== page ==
The Swiss Family Robinson was published in 1812, just four years before the author’s death. It was edited by his eldest son, Johann Rudolf Wyss, and illustrated by another son, Johann Emmanuel. It proved instantly popular, and was translated from the original German into French, English and other European languages within just a few years. The French translator, Baroness Isabelle de Montolieu, added a number of later episodes and also changed the ending. Her additions became part of most versions of the novel, including this audiobook.

So why has The Swiss Family Robinson proved so popular? Its main appeal is as a classic adventure story, which has fired the imagination of readers for over two centuries. Most of us have wondered how we would survive if we found ourselves stranded on a desert island. This book explains a lot about how to do it! The story moves at a fast pace, as the family encounters all sorts of ferocious beasts and other dangers. We marvel as they use their wits, knowledge and ingenuity to tame wild beasts and solve all kinds of problems. They make many homes on the island, including a tree-house and a magical cave.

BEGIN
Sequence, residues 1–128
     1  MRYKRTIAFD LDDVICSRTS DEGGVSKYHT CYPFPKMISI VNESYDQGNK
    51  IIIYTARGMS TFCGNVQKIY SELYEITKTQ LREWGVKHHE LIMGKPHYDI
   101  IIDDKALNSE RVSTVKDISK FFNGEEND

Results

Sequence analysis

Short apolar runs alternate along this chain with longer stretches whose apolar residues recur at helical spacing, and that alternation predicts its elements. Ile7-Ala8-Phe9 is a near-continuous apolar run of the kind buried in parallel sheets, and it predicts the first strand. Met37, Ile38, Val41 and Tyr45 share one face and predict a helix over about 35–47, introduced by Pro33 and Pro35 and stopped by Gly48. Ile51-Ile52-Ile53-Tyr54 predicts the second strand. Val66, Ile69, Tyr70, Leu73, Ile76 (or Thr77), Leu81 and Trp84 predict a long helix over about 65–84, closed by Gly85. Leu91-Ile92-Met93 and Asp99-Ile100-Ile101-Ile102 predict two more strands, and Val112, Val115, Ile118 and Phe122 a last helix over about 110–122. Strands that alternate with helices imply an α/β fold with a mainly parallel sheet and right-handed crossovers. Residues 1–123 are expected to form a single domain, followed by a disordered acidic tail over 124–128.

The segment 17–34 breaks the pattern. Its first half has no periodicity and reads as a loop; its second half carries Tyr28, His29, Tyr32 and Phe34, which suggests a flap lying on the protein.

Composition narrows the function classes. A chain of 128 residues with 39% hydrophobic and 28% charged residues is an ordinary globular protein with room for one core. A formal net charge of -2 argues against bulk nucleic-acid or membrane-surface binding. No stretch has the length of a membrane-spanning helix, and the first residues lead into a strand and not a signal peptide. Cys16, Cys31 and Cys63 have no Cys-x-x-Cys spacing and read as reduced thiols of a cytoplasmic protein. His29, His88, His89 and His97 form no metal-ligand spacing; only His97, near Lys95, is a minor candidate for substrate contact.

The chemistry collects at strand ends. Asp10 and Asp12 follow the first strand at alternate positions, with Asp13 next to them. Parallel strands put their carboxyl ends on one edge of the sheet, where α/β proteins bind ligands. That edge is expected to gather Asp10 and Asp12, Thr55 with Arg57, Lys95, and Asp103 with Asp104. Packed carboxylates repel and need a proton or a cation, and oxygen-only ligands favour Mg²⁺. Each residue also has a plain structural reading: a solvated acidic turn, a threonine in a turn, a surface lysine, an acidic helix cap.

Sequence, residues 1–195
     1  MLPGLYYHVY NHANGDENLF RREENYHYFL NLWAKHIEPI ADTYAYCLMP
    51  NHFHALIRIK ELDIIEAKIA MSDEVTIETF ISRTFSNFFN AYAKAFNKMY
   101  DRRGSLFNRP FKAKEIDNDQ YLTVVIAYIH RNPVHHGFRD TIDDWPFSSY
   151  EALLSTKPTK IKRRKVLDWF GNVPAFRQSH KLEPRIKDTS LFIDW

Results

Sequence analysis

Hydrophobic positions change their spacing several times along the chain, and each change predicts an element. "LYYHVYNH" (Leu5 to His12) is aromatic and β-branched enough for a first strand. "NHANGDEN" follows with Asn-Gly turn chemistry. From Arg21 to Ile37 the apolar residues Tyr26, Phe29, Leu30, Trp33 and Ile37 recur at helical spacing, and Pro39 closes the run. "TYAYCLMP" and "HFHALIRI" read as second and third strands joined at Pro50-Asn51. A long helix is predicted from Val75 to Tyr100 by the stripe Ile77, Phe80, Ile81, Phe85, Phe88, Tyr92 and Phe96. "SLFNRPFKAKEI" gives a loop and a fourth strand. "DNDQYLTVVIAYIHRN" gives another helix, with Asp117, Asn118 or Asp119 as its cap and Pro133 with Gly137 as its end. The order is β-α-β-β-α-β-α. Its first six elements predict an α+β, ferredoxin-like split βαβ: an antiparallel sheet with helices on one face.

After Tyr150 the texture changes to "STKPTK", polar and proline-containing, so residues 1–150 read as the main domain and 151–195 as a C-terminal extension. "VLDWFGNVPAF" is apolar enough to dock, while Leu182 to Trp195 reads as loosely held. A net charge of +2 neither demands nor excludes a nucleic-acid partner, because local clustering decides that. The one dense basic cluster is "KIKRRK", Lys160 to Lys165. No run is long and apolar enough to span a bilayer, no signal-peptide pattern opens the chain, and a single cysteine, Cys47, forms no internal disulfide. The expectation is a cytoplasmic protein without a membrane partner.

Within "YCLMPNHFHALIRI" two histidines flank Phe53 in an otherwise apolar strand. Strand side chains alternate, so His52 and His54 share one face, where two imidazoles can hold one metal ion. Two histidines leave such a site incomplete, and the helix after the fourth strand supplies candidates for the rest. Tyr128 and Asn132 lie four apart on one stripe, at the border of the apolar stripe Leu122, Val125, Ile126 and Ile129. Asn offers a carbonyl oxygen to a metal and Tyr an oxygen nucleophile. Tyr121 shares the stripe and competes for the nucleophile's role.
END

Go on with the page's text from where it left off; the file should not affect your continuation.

In the early 19th century, a number of books written especially for young people informed them about nature and stressed the importance of hard work, obedience and consideration for others. But most were dry and boring, and not exciting adventure stories like The Swiss Family Robinson. Since it was written the book has inspired many ‘spin-offs’ such as books, TV programmes and films. A Walt Disney film released in 1960 was especially popular and introduced a new generation of readers to the book.

Modern readers may find certain aspects of the story unappealing or hard to swallow. For example, the island seems almost too perfect. Incredibly, it is stocked with animals from different habitats all over the world, such as bears, kangaroos, lions, walruses, ostriches and flamingos. All of these could not possibly be found on one small island. Similarly, the island is a treasure trove of the world’s most useful plants, such as rice, manioc, tea, bamboo, flax and cotton. We are told that new plants sprout and flourish all year round without being tended. Some readers may find all this a bit too convenient, while certain episodes may also strike us as unlikely.